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John Strutt and Lord Kelvin

John Strutt and Lord Kelvin

C009/1236

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Credit

EMILIO SEGRE VISUAL ARCHIVES / AMERICAN INSTITUTE OF PHYSICS / SCIENCE PHOTO LIBRARY EMILIO SEGRE VISUAL ARCHIVES / AMERICAN INSTITUTE OF PHYSICS / SCIENCE PHOTO LIBRARY

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Editorial use only.

Caption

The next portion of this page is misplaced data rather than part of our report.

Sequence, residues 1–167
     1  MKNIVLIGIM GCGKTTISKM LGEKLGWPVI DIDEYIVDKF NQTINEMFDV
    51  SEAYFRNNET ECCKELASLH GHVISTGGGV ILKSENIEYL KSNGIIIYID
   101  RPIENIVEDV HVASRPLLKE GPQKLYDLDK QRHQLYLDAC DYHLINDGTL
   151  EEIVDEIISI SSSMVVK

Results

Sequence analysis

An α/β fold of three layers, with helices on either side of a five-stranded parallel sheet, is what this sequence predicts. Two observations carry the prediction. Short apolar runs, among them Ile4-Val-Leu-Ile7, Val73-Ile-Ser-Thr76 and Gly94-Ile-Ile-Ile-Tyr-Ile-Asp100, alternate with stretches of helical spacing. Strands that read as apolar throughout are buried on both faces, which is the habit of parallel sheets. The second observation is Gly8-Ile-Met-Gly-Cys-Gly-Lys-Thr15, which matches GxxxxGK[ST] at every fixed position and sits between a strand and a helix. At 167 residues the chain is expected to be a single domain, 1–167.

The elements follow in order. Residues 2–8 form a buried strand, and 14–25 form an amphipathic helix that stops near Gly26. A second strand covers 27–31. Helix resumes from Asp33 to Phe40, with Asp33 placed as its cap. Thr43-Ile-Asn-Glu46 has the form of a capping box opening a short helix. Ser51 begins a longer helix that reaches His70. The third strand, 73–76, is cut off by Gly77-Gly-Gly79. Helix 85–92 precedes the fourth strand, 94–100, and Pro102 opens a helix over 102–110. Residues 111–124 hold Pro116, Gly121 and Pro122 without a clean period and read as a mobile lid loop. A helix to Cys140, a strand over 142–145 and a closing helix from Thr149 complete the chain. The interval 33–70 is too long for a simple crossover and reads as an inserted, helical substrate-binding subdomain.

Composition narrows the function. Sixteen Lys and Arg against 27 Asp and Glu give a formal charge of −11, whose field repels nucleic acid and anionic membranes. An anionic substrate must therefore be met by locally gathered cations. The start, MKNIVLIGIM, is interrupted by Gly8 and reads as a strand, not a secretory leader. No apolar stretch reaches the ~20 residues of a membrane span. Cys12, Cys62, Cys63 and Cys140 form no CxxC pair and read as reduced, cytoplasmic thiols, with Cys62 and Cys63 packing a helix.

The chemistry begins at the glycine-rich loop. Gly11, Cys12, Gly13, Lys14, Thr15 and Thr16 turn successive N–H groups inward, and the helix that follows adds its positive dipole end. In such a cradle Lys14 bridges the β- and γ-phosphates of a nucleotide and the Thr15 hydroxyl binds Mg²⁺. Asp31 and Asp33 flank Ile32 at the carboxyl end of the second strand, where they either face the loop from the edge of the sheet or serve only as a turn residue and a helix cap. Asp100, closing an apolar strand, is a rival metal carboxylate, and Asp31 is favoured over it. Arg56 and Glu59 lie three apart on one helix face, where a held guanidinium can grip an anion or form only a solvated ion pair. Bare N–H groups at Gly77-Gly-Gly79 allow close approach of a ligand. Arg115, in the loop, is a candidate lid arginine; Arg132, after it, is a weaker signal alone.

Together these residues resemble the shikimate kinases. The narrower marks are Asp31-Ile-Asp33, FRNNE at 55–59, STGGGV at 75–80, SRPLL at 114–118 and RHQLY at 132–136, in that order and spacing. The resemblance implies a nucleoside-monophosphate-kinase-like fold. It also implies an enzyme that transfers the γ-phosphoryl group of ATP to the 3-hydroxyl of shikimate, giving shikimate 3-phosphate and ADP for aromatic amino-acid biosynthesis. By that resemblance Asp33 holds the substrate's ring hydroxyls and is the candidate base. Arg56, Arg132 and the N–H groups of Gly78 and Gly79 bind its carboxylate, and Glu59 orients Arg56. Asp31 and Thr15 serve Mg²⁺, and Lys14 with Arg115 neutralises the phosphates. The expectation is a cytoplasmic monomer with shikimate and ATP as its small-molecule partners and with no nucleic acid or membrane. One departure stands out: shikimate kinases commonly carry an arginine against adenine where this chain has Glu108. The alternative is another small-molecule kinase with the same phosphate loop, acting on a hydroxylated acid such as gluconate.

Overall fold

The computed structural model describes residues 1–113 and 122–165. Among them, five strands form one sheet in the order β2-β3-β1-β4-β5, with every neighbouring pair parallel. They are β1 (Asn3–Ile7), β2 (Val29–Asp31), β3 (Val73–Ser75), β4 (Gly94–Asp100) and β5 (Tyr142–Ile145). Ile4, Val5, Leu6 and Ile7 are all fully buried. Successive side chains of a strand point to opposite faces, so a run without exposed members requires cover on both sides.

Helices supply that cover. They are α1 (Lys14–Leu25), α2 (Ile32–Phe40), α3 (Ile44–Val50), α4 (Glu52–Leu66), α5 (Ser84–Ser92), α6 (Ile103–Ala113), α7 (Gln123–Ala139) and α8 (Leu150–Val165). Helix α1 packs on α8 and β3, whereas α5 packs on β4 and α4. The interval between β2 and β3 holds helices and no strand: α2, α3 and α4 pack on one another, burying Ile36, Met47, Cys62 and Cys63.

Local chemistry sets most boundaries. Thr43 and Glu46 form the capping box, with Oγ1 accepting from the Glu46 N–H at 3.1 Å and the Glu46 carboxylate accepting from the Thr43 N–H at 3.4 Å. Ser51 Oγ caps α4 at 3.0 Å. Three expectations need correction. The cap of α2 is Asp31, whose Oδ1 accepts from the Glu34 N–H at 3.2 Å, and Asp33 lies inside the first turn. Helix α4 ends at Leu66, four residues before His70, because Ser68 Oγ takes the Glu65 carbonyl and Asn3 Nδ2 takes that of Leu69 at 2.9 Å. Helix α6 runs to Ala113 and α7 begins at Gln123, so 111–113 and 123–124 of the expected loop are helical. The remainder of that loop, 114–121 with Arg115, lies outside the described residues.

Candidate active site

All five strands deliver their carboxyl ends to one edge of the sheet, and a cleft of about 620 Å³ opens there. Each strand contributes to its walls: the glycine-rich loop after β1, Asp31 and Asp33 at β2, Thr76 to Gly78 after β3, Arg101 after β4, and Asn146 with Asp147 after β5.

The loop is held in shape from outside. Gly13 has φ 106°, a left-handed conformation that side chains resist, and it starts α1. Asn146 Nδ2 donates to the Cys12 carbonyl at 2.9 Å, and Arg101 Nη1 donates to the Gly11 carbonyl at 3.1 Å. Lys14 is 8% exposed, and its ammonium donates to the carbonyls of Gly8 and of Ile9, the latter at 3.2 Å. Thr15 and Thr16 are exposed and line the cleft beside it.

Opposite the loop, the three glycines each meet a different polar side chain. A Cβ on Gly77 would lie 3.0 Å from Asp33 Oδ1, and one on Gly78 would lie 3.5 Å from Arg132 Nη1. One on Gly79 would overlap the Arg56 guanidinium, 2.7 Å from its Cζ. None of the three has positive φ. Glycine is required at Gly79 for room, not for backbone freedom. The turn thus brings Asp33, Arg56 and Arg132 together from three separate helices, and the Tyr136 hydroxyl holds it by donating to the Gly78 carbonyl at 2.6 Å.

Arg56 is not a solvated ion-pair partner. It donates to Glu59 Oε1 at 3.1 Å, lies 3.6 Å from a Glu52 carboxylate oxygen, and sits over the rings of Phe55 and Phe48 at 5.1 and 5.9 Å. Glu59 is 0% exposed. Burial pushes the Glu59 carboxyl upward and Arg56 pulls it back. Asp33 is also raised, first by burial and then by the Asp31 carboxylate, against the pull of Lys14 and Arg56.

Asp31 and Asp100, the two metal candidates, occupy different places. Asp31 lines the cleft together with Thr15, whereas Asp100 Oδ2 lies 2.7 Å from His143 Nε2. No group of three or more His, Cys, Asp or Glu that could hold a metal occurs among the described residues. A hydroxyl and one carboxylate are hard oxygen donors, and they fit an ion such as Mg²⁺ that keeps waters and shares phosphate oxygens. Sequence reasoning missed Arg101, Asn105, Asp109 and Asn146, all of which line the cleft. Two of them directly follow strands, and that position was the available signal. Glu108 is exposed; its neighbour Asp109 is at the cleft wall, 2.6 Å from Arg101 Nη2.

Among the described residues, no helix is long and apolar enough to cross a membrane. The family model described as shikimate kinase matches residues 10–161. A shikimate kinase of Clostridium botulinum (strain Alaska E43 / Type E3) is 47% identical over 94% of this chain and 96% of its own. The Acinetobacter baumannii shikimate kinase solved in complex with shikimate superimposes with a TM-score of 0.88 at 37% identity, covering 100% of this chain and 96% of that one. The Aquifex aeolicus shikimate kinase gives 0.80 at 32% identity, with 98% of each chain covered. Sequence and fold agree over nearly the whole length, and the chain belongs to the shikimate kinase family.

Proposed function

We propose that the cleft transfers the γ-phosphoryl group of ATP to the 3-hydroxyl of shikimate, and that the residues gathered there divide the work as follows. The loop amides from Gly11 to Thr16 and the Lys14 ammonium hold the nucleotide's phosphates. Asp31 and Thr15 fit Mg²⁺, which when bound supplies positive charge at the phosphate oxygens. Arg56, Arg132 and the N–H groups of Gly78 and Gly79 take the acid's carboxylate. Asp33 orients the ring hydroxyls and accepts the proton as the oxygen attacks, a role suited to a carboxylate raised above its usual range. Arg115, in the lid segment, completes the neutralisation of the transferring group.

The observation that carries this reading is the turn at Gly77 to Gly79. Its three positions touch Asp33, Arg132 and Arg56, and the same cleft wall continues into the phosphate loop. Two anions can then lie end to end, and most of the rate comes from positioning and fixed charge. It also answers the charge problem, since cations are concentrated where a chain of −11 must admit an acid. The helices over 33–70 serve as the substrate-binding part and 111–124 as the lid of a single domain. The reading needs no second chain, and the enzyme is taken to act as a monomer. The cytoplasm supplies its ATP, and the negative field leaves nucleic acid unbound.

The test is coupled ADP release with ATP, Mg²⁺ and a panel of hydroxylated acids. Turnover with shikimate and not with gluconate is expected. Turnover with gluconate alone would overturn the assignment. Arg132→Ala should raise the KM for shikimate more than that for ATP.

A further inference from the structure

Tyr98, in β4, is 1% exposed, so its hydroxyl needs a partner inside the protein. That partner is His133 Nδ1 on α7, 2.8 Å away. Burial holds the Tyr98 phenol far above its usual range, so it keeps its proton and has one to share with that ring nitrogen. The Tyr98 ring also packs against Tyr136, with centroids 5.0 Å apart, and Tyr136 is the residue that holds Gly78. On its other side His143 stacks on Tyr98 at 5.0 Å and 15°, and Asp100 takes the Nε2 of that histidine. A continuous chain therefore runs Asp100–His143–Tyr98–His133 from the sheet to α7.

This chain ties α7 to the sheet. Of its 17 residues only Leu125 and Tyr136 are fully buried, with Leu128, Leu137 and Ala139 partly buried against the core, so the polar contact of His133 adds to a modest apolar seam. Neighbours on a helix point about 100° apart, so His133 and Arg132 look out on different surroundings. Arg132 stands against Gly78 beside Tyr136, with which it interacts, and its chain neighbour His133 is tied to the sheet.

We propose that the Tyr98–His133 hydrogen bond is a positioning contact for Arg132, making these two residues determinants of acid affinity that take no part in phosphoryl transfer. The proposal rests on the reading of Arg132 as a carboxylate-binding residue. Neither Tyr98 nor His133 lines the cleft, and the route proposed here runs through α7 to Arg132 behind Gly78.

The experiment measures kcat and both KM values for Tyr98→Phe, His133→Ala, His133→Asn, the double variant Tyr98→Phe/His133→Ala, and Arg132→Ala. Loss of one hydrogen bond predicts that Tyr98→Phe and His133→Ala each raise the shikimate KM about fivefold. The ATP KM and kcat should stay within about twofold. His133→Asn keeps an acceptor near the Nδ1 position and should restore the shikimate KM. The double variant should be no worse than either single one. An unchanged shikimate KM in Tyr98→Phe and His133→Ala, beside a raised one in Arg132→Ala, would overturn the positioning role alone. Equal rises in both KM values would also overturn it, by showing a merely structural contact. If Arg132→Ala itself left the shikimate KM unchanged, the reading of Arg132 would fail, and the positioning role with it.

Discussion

John William Strutt, 3rd Baron Rayleigh (1842-1919, left) and William Thomson, Lord Kelvin, (1824-1907, right), British physicists. In 1894, with Ramsay, Strutt isolated argon gas from air, an achievement for which he was awarded the 1904 Nobel Prize for Physics. Strutt also discovered the phenomenon called Rayleigh scattering which accounts for the blue colour of the sky. In 1848 Kelvin proposed the existence of absolute zero and suggested the use of the absolute temperature scale, which was named the Kelvin scale. He also improved electric cable design, making trans-Atlantic telegraphy viable. Photographed at Strutt's family home, Terling Place, Witham, Essex, UK, in 1900.

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